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Tagwirei slapped with US sanctions

SAKUNDA Holdings boss Kudakwashe Tagwirei was yesterday slapped with sanctions by the United States Department of the Treasury’s Office of Foreign Assets Control (Ofac) for supporting President Emmerson Mnangagwa’s administration tainted by human rights abuses and corruption.

Fidelity Mhlanga

Ofac announced yesterday sanctions on Tagwirei, who controls several companies straddling across all spectrums, saying its action corresponds with the second anniversary of the Zimbabwean government’s violent crackdown against its citizens who were protesting against delayed announcement of the 2018 presidential election outcome, which resulted in the deaths of six civilians on August 1.

“Today, the U.S. Department of the Treasury’s Office of Foreign Assets Control (Ofac) designated Kudakwashe Regimond Tagwirei (Tagwirei) for providing support to the leadership of the Government of Zimbabwe, as well as Sakunda Holdings for being owned or controlled by Tagwirei,” United States deputy secretary of the Treasury Justin G. Muzinich said.

“Tagwirei and other Zimbabwean elites have derailed economic development and harmed the Zimbabwean people through corruption. The United States supports the economic well-being of the Zimbabwean people and will target repressive and corrupt acts and graft by Zimbabwean politicians and their financiers.”

The US said Tagwirei has utilised his relationships with high level Zimbabwean officials to gain state contracts and receive favoured access to hard currency, including U.S. dollars. In turn, Tagwirei has provided high priced items, such as expensive cars, to senior-level Zimbabwean government officials.

“Tagwirei, a Zimbabwe businessman, has longstanding associations to the ruling party in Zimbabwe and high-level Government of Zimbabwe officials, including the current President of Zimbabwe, Emmerson Mnangagwa, and First Vice-President Constantino Chiwenga, who were listed in the Annex to Executive Order (E.O.) 13288 in March 2003, and the Annex to E.O. 13391 in November 2005, and remain on Ofac’s List of Specially Designated Nationals and Blocked Persons (SDN List),” Ofac said.

Since former Zimbabwe President Robert Mugabe’s 2017 departure, Tagwirei used a combination of opaque business dealings and his on-going relationship with Mnangagwa to substantially grow his business empire.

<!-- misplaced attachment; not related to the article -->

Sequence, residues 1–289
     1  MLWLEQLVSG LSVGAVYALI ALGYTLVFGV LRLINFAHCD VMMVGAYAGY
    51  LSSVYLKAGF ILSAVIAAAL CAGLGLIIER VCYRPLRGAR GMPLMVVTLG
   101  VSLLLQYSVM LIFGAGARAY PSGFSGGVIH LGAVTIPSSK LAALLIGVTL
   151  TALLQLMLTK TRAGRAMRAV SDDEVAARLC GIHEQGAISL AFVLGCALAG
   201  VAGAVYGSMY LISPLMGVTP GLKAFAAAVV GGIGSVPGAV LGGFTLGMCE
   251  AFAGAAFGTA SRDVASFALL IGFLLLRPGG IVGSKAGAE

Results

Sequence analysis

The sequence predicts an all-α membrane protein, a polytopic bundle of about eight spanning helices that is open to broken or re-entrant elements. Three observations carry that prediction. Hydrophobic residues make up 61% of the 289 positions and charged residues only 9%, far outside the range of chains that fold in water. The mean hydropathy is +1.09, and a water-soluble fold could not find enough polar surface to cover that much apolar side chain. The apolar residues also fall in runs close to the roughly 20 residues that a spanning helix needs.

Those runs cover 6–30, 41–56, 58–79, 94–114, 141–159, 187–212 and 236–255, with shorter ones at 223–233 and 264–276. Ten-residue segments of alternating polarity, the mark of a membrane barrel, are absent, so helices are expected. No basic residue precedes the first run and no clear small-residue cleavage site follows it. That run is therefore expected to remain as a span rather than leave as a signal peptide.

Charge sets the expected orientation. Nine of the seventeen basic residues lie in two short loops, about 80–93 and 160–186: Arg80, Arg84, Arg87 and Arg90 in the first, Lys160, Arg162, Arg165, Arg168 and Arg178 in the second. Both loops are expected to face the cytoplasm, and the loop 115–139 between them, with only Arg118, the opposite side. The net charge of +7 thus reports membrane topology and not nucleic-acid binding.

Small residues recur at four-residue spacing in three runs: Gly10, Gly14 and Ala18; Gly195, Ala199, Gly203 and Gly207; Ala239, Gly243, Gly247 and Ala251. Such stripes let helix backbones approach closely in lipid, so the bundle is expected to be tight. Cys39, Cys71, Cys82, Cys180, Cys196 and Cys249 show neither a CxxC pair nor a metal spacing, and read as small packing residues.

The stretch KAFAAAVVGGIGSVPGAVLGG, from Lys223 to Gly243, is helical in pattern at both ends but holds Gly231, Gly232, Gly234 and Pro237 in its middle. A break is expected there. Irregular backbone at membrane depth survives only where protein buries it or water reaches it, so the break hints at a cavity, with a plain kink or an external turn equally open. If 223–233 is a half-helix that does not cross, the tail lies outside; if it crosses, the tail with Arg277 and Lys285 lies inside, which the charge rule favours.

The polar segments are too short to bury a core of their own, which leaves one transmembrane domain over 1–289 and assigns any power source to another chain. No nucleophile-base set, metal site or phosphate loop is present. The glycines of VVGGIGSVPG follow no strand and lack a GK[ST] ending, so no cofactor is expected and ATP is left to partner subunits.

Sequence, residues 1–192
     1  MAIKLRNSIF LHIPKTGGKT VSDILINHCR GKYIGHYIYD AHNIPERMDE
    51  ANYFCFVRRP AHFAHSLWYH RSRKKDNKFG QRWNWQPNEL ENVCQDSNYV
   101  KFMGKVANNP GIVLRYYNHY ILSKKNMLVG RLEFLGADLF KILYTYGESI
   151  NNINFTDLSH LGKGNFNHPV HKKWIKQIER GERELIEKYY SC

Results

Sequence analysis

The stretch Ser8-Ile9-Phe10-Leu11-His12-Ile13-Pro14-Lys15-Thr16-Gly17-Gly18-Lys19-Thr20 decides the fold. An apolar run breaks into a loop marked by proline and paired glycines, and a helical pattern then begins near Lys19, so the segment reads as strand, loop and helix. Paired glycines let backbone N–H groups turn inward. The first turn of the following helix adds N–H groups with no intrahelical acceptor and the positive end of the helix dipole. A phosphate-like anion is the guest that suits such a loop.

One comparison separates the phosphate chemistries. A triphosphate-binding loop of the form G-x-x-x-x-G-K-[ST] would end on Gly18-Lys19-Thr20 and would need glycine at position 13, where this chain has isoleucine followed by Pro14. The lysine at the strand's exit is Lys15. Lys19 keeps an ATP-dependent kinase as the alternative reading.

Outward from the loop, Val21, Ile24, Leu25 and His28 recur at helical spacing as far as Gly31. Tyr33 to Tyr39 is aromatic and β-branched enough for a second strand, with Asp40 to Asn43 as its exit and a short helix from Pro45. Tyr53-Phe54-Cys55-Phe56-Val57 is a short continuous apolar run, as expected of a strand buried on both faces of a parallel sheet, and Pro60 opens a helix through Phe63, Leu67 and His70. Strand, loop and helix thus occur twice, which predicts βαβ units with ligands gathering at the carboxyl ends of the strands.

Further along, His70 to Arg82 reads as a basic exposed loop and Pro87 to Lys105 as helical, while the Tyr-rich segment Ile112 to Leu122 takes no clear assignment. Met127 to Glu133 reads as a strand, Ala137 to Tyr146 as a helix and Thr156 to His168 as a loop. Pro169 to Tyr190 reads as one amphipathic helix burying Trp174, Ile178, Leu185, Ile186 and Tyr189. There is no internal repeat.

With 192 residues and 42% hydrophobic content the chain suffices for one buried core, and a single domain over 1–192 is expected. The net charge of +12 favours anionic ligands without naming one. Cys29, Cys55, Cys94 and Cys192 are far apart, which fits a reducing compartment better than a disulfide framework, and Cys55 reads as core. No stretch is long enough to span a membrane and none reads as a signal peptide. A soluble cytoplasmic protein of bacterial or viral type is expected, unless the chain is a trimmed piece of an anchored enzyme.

Government audit reports prompted a 2019 parliamentary inquiry into whether public funds were misappropriated, revealing the government had failed to account for $US3 billion disbursed under the Command Agriculture programme, a state farm subsidy championed by President Mnangagwa and largely financed by Sakunda Holdings where Tagwirei as the CEO is responsible for the overall strategy and direction of the company, as well as developing and maintaining relationships with regulators and clients.

“Tagwirei was designated pursuant to E.O. 13469 for having materially assisted, sponsored, or provided financial, material, logistical, or technical support for, or goods or services in support of, the Government of Zimbabwe, any senior official thereof, or any person whose property and interests in property are blocked pursuant to E.O. 13288, E.O. 13391, or E.O. 13469. Sakunda Holdings was designated pursuant to E.O. 13469 for being owned or controlled by, or for having acted or purported to act for or on behalf of, directly or indirectly, Tagwirei,” Ofac said.

As a result of US Treasury’s designation, Tagwire’s property and that of Sakunda holdings will be blocked and reported to Ofac.

“All property and interests in property of this individual and entity that are in the United States or in the possession or control of U.S. persons must be blocked and reported to Ofac. Ofac’s regulations generally prohibit all dealings by U.S. persons or within (or transiting) the United States that involve any property or interests in property of blocked or designated person,” Ofac said.

Beginning in March 2003, the U.S. Department of the Treasury has used its authorities to identify, disrupt the activities of, and promote accountability for persons who commit human rights abuses, engage in corruption, or undermine democratic processes or institutions in Zimbabwe.

“Treasury joins the U.S. Department of State in urging the Zimbabwean government to take meaningful steps towards creating a peaceful, prosperous, and politically vibrant Zimbabwe, rather than using public resources to blame Zimbabwe’s ills on parties other than its corrupt elite and the institutions they abuse for their personal benefit. Today’s actions continue to demonstrate the importance of Treasury’s sanctions authorities and the United States’ on-going commitment to supporting a transparent and prosperous Zimbabwe,” OFAC said.

Sanctions on Tagwirei and Sakunda holdings come after Trafigura who had partnered with Tagwirei in the lucrative fuel industry bought him out earlier this year.

Landela Mining Venture, reportedly linked to Tagwirei, is making moves to take over and revive four idle state-owned gold mine.

Landela has been on a buying spree of local mining assets since 2019.

Landela Mining was last year announced as a partner in a US$4 billion platinum venture in Zimbabwe that is backed by Russian investors.

Sotic International Ltd, a Mauritius-based firm linked to Tagwirei , bought a 74,73% stake in Bindura Nickel from Asa Resource Group Plc,

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